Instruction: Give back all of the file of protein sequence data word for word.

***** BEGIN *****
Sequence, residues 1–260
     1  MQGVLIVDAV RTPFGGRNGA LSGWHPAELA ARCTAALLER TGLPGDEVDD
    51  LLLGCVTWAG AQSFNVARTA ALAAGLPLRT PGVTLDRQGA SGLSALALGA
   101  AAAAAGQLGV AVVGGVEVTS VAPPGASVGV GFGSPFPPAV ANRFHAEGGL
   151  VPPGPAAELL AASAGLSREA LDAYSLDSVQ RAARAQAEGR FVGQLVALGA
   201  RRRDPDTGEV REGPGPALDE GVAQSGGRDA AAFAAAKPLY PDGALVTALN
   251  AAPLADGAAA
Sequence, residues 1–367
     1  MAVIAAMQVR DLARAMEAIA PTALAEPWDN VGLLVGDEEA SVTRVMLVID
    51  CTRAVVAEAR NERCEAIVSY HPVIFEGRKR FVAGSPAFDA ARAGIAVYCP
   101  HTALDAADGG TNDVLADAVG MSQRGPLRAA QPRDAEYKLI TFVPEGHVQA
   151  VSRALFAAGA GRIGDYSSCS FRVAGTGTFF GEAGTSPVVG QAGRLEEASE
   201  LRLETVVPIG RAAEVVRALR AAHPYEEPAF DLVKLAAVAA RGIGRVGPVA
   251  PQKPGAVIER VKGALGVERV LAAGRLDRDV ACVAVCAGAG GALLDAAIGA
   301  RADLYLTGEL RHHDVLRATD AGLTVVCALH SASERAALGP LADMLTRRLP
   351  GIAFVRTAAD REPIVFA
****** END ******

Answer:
Sequence, residues 1–260
     1  MQGVLIVDAV RTPFGGRNGA LSGWHPAELA ARCTAALLER TGLPGDEVDD
    51  LLLGCVTWAG AQSFNVARTA ALAAGLPLRT PGVTLDRQGA SGLSALALGA
   101  AAAAAGQLGV AVVGGVEVTS VAPPGASVGV GFGSPFPPAV ANRFHAEGGL
   151  VPPGPAAELL AASAGLSREA LDAYSLDSVQ RAARAQAEGR FVGQLVALGA
   201  RRRDPDTGEV REGPGPALDE GVAQSGGRDA AAFAAAKPLY PDGALVTALN
   251  AAPLADGAAA
Sequence, residues 1–367
     1  MAVIAAMQVR DLARAMEAIA PTALAEPWDN VGLLVGDEEA SVTRVMLVID
    51  CTRAVVAEAR NERCEAIVSY HPVIFEGRKR FVAGSPAFDA ARAGIAVYCP
   101  HTALDAADGG TNDVLADAVG MSQRGPLRAA QPRDAEYKLI TFVPEGHVQA
   151  VSRALFAAGA GRIGDYSSCS FRVAGTGTFF GEAGTSPVVG QAGRLEEASE
   201  LRLETVVPIG RAAEVVRALR AAHPYEEPAF DLVKLAAVAA RGIGRVGPVA
   251  PQKPGAVIER VKGALGVERV LAAGRLDRDV ACVAVCAGAG GALLDAAIGA
   301  RADLYLTGEL RHHDVLRATD AGLTVVCALH SASERAALGP LADMLTRRLP
   351  GIAFVRTAAD REPIVFA